of the Passage"
Notes on the text
These notes, by John McGivering, are partly new, and partly based on the ORG, with information on medical matters from Dr Gillian Sheehan. The page and line numbers below refer to the Macmillan (London) Standard Edition of Life's Handicap, as published and frequently reprinted between 1891 and 1950.
And it came to pass, when the evil spirit from God was upon Saul, that David took an harp, and played with his hand: so Saul was refreshed, and was well, and the evil spirit departed from him.[Page 196, lines 11, 12] Jorrocks, where I dines, I sleeps the London grocer and Master of Foxhounds (M.F.H.) in the novels by Robert Smith Surtees (1803-1864) This misquotation from Chapter 7 of Handley Cross should read: …where the M.F.H. dines he sleeps, and where the M.F.H. sleeps he breakfasts. See KJ 75, and Notes to “The Propagation of Knowledge” (Debits & Credits>.
[I Samuel, 16,23,]
Then a Face came, blind and weeping[Page 204, line 15] a touch of the sun see Dr. Sheehan’s Notes on Kipling and Medicine. .
And It couldn’t wipe it’s eyes,
Kipling would have us believe he died of fright also that the negative showed something so horrible that his friends (sic) at once destroyed it. Presumably it showed an image of the man ‘with the blind weeping eyes.’'A.S.P.' quotes the case of a policeman who was killed by two crooks who also shot him in each eye so that there would be no images to give them away. The letter continues:
All this is, no doubt, quite ridiculous, but it is interesting to remember that there is an ago-old superstition that an image of the last thing seen during life is preserved in the eye of the dead person. No one knows where in the eye.
There is no possibility whatever either in life or death of taking a photograph of the retina and seeing in it what the retina was ‘seeing.’
This fiction is a product of the lay mind and the development of photography, the argument being – if a film cam be taken out of a camera and ‘developed,’ why not do something the same to the ‘Film’ (retina) in the eye ? There are so many reasons why the idea is impossible that one hardly knows where to begin.
Images of things seen are formed in the brain, not really in the retina. It will be sufficient to say that photographing a retinal image never has been possible and there is no indication that it will become so in the future. (A.S.P.)
[The full text of the letter can be seen at p. 975 of Volume 2. of ORG]
[Page 207, line 13] at least three hours There is some incertainty as to both the cause and the time of Hummil’s death. This passage suggests that it was at least three hours before Mottram, Lowndes and Spurstow found him, early on Sunday morning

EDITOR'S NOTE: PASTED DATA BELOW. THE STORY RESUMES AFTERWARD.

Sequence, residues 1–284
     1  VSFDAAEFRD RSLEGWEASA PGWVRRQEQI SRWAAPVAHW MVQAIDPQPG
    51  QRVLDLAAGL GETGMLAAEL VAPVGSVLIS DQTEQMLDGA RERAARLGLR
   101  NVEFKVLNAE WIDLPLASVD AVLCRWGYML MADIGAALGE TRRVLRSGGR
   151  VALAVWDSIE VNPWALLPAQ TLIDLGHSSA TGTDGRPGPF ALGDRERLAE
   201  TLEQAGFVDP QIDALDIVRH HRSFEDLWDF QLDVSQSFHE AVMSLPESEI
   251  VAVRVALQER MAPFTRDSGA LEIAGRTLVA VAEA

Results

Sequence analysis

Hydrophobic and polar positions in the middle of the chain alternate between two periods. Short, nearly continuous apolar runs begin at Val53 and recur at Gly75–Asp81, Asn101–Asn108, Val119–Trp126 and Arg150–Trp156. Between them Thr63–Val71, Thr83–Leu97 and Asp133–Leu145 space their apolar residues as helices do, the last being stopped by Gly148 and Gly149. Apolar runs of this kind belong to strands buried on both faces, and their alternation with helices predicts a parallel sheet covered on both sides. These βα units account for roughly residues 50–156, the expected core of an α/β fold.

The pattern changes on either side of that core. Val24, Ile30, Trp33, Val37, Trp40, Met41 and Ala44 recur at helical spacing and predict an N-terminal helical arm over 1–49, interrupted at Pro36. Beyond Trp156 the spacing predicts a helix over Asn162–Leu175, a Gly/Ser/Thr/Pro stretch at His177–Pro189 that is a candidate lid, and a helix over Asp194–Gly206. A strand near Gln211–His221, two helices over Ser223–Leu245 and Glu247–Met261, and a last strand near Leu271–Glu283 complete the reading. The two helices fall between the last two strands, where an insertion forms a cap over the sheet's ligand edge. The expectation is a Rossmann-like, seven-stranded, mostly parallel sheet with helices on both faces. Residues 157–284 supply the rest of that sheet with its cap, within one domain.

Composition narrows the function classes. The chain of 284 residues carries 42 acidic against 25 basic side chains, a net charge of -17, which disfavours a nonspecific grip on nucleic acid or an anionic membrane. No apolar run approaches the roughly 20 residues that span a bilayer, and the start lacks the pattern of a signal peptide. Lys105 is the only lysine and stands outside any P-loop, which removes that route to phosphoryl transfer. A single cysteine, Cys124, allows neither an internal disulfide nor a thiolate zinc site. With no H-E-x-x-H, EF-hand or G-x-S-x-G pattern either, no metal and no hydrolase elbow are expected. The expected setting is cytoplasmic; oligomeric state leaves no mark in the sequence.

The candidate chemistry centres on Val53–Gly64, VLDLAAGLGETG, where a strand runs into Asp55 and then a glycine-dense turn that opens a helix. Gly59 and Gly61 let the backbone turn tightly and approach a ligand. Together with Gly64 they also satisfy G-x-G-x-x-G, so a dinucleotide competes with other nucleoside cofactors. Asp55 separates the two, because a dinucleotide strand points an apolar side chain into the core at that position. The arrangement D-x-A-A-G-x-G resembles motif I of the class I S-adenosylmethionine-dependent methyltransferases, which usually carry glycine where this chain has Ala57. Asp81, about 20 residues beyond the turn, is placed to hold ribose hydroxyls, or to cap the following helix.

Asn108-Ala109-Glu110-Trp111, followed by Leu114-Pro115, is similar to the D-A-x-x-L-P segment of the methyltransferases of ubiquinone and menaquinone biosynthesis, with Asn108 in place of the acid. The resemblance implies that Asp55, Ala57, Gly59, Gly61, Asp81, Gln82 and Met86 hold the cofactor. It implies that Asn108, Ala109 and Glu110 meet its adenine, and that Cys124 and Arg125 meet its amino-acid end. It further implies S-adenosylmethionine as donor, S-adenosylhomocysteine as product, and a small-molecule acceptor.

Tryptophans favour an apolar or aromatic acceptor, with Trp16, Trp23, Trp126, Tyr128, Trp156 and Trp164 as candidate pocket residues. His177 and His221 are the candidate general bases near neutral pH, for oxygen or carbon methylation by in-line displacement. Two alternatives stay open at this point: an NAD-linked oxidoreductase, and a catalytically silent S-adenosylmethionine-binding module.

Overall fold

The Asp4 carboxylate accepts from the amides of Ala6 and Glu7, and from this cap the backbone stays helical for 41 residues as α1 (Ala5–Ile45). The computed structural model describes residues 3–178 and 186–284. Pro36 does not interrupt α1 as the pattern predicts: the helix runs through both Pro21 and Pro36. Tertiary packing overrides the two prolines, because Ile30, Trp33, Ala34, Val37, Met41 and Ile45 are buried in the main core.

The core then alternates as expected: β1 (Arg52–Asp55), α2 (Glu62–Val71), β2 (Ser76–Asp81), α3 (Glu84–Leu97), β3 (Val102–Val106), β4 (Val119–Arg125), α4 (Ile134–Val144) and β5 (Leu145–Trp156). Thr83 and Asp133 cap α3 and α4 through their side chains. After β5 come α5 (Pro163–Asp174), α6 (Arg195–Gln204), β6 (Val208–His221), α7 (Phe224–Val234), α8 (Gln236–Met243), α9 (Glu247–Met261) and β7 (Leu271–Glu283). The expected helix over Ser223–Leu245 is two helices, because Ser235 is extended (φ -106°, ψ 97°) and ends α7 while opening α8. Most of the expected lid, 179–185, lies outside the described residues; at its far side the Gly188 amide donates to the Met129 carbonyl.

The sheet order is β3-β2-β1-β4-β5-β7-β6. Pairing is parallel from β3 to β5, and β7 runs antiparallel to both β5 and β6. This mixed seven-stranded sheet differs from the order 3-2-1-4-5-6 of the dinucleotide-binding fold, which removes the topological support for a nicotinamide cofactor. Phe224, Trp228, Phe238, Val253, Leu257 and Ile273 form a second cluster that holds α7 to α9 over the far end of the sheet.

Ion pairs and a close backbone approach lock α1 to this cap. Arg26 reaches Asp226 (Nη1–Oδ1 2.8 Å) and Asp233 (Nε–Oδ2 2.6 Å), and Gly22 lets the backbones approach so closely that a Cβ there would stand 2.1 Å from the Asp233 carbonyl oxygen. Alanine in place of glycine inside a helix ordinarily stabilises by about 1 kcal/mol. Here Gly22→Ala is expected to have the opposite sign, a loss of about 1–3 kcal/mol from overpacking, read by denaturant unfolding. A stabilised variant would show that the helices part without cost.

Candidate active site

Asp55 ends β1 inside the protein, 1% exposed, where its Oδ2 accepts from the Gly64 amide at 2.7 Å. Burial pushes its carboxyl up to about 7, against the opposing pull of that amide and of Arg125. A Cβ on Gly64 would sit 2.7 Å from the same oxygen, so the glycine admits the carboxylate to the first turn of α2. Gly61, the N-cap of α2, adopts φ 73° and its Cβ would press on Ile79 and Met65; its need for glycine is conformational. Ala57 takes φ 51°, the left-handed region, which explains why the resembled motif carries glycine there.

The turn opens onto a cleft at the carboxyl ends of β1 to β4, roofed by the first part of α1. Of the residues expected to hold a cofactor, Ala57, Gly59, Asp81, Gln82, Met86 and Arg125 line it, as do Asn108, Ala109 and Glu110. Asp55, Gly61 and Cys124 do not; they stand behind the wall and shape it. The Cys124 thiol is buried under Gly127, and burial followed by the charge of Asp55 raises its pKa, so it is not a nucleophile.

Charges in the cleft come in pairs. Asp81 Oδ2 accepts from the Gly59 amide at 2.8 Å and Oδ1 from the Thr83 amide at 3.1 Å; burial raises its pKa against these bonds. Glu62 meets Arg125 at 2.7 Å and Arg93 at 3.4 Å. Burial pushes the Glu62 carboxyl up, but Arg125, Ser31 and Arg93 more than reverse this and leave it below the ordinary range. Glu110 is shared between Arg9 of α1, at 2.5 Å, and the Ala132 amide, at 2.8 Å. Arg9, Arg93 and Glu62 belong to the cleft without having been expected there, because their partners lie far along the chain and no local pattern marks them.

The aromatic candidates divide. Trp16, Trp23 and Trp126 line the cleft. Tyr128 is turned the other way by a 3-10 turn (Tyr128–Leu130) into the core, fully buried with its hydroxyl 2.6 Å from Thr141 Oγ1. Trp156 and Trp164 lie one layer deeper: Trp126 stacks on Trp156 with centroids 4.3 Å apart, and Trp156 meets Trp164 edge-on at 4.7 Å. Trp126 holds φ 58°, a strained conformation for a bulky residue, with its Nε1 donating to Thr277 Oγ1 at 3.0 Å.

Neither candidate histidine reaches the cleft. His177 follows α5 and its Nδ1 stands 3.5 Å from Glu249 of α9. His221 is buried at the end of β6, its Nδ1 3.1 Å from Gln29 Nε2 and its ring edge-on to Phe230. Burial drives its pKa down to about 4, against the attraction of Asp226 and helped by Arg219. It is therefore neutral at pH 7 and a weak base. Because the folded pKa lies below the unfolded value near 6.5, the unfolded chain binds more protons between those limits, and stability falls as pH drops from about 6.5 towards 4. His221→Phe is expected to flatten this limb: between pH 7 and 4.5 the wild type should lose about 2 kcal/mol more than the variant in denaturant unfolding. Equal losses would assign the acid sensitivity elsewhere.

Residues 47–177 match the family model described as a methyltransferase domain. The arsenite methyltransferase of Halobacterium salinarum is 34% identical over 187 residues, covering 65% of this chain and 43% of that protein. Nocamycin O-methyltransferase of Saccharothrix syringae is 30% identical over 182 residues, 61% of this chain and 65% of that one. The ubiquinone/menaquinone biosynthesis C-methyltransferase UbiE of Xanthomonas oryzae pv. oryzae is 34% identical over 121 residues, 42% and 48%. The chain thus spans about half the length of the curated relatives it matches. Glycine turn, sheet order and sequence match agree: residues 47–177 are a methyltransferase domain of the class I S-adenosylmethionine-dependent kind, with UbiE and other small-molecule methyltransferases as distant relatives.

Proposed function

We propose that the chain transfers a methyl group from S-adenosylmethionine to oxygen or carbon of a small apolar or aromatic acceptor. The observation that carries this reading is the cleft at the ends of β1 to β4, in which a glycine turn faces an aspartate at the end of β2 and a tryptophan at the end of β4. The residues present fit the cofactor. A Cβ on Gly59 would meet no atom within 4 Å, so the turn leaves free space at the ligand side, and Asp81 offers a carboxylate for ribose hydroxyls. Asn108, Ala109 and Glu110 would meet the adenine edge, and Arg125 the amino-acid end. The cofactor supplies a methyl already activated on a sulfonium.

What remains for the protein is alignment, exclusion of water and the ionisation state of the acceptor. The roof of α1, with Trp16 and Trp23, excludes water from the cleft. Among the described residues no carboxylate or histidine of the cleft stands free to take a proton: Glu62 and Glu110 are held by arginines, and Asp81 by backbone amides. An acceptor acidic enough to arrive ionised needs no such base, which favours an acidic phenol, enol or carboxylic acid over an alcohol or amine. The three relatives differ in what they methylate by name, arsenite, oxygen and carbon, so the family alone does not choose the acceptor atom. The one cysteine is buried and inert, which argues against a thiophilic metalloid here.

[Page 209, lines 24-25] he must have died at midnight ORG suggests that for Hummil to have died of heat apoplexy at 5 a.m. when it would have been marginally cooler, seems somewhat unlikely, On the other hand Kipling also suggests fright and hypertension which might have brought on cerebral haemorrhage.
It seems that Kipling was, for some reason, unable to write a convincing finish to this otherwise gripping horror-story which this reader occasionally forgets is a work of fiction. Edward Shanks in his Rudyard Kipling (Macmillan, 1930, cited in ORG pp.976-977.) reminds us that it is indeed impossible to photograph images in a dead man’s eyes, and observes:
However, if we assume the story to have been straightforward supernatural, with a picture of something gruesome appearing on the negative, the doctor could well have smashed the Kodak in a fit of revulsion.He presumably means that against all scientific evidence the Doctor does photograph something horrible and manages to see it without developing the film. It is uncharacteristic of Kipling to expect his readers to suspend their disbelief to such an extent, but we believe that for once we should not allow mundane things like facts to spoil a ripping yarn ! [Ed.]
[Page 210, line 26] the tremendous words:
I am the resurrection and the life, saith the Lord : he that believeth in me, though he were dead, yet shall he live: and whosoever liveth and believeth in me shall never die.[Page 211, line 8] a Kodak camera the trade-name of the Eastman Kodak Company.
John 11, 25-26, from The Order for the Burial of the Dead in the Book of Common Prayer.
[Page 211, line 14] I’ve torn up the films the negatives are difficult to tear and were not developed anyway.
[Page 212, lines 3 – 4] There may be Heaven…. etc a misquotation from “Time’s Revenge” by Robert Browning (1812-1889):
There may be heaven; there must be hell;
Meantime, there is our earth here – well !
[J H McG]
©John McGivering 2006 All rights reserved